Market capitalisation is an important element of stock markets and anyone who wishes to trade needs to have a grasp of the concept. Market cap, which is the short form of capitalisation, sizes up a certain company’s overall market value. It is computed by multiplying the stock price of a firm by outstanding share numbers.
If Company X trades at Rs 100 per share and has 500 shares outstanding, it means its market cap is Rs 100 x 500 shares, which is Rs 50,000.
Based on the market capitalisation of companies listed on the stock exchange, they are classified as small or large cap stocks. Market capitalisation helps investors compare and assess a company’s worth in the market and also the risks inherent in investing in such companies. Understanding market cap also helps investors balance their portfolios with stocks of varying market capitalisation so that there is adequate diversification. This way, investors can balance risk and reward.
According to the Securities and Exchange Board of India (SEBI), the top 100 companies ranked 1 to 100 are classified as large cap firms. Companies that are ranked 101 to 250 are categorised as mid cap firms while firms ranked from 251 and below are small cap firms.
So, what’s the difference between large cap and small cap stocks?
The biggest difference between large cap and small cap stocks is in their market capitalisation, as already mentioned. Typically the market cap of small cap stocks is up to Rs 500 crore. Large cap stocks are those that belong to companies with a market cap of over 7,000 crore and running into Rs 20,000 crore or more. More than 95 per cent of companies listed in India are treated as small cap firms. When it comes to large cap stocks in the country, the Nifty 50 contains the top 50 such stocks, which are traded the most in the stock market. Some large cap stocks are also called blue chip stocks because they belong to companies that are blue chip, ie, market leaders in their sector.
Another small cap vs large cap stocks/companies difference lies in their position on the growth curve. Small cap stocks belong to companies that are still starting their growth journey. They could be start-ups or firms that are nascent. On the other hand, large cap stocks belong to companies that are well-established and have a proven track record of growth.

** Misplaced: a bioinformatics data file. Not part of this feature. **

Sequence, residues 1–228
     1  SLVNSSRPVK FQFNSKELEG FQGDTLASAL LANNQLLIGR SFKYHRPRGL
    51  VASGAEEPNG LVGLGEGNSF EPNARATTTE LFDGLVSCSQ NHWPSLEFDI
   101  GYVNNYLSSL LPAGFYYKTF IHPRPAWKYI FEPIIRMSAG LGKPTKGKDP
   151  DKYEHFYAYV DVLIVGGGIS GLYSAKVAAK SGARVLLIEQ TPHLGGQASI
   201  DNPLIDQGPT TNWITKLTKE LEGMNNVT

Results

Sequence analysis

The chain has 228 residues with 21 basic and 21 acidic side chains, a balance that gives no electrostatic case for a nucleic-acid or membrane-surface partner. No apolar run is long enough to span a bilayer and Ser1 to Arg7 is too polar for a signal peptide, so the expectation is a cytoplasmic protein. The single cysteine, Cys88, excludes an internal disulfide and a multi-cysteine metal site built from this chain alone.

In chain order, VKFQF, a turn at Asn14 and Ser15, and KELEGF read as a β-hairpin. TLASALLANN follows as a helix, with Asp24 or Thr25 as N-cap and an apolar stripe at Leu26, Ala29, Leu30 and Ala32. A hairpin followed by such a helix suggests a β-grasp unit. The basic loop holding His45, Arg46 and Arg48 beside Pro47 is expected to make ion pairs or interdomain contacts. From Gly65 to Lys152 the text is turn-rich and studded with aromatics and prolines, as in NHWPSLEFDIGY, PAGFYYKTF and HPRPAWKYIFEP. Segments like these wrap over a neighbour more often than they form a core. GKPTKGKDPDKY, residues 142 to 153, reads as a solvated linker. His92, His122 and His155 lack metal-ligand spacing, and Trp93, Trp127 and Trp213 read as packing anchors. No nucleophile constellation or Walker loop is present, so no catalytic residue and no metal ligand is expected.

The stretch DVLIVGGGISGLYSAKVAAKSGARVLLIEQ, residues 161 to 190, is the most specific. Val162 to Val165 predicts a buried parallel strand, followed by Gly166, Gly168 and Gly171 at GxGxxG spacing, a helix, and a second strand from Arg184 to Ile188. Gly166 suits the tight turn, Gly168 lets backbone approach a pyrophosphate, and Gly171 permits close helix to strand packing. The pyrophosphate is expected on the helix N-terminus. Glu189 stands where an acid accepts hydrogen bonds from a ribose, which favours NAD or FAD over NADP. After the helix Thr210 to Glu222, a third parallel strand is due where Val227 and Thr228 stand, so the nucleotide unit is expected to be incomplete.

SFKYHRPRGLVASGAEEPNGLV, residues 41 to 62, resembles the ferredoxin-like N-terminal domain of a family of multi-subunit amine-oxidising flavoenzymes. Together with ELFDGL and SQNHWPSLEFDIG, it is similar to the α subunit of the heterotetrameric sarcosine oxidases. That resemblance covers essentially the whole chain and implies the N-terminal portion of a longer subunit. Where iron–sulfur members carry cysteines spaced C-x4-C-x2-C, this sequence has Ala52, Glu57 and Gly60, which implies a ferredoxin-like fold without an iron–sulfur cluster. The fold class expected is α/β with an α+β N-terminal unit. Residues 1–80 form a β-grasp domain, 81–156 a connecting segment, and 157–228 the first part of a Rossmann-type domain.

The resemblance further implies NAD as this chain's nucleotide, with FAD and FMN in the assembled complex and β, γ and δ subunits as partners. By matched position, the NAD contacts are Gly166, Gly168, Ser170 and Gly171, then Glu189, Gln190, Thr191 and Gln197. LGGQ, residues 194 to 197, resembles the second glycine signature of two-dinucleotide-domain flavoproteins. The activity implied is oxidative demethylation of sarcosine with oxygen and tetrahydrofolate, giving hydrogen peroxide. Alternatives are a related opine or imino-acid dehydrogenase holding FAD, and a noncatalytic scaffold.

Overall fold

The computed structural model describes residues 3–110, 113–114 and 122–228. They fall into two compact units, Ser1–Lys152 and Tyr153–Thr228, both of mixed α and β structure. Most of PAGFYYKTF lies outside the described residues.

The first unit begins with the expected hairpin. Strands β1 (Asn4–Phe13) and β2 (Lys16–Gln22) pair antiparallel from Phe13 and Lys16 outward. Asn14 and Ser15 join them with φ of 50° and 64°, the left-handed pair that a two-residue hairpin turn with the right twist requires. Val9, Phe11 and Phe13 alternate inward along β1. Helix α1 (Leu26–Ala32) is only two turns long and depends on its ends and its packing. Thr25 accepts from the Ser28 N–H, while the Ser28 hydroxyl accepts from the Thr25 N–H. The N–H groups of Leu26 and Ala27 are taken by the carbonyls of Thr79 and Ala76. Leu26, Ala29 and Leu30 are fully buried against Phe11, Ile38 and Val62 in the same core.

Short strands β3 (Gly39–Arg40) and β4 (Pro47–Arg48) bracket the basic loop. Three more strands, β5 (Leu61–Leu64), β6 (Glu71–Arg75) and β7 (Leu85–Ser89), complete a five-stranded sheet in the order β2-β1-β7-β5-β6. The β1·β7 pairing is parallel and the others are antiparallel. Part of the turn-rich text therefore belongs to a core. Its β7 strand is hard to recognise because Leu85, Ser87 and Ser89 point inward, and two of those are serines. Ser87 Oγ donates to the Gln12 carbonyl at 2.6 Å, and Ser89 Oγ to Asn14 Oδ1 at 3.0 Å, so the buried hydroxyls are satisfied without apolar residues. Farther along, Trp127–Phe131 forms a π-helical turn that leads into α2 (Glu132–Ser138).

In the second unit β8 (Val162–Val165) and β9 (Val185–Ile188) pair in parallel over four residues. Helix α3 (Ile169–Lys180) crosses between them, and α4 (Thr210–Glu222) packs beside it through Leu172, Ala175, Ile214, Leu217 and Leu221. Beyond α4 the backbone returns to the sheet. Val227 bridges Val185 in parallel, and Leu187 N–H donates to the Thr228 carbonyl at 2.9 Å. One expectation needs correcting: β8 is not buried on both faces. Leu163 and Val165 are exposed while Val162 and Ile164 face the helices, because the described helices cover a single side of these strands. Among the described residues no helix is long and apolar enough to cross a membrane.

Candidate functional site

Another small cap vs large cap differentiator lies in the payment of dividends. Large cap companies tend to pay dividends to their investors from time to time. On the other hand, the chances of receiving dividends from small cap companies are not high. Small cap companies may need to channelise funds for reinvestment as they are on the growth track.
Pricing of stocks:
The difference between large cap and small cap stocks also lies in the pricing of the stock. Since small cap firms are yet to establish themselves, their stocks are priced lower than large cap companies. Large cap stocks are more expensive than small cap stocks.
On the liquidity front, investing in large cap stocks is a highly liquid option as there are buyers willing to buy them owing to their popularity and track record. Large cap stocks have been in the market for a long time and they are well-known. Small cap stocks are often less liquid because not many investors may have enough knowledge about such stocks and selling them can be a tad time-consuming.
Volatility and risk:
A key differentiator in the small caps stocks vs large cap stocks equation is in their risk or volatility element. Typically, large cap stocks are considered more stable than small caps but on the other hand, small cap stocks provide an opportunity for growth. Both large caps and small cap stocks have their own pros and cons and inclusion of both categories may lead to a balanced portfolio.
The small caps stocks vs large cap stocks question also needs to take into account the concept of presence in the market. Large cap stocks have a conspicuous presence and are easy to track. They offer regular financial information and any investor finds it easy to look them up without too much effort. Large cap companies are under obligation to release their statements and documents and make them available to the public. On the other hand, small cap stocks may not have much of a presence and tracking information pertaining to such companies may require greater research.
Assess your risk appetite before investing
In terms of investment, small cap stocks may be a fit for those with a high-risk tolerance while large cap stocks may suit those who are risk-averse or those with a low/moderate risk appetite and prefer stability. Depending on what kind of an investor you are, you could opt for small cap stocks or large cap stocks. An individual’s risk profile, investment horizon and goals should be factored into deciding on a certain market cap stock.
Stocks are categorised as small, mid and large caps based on their market capitalisation. Small cap stocks belong to companies that have a smaller market cap and are yet to establish themselves. They are nascent and are at the beginning of their growth curve.
On the other hand, large cap companies are well-established firms and sometimes market leaders in their sectors. They offer stability and are easy to research and monitor. Small caps are relatively less known and may need some research and tracking before an investor picks the appropriate small cap stock. Rather than take a small cap vs large cap approach, it helps to look at a balanced portfolio where there is enough diversification and risk-reward balance.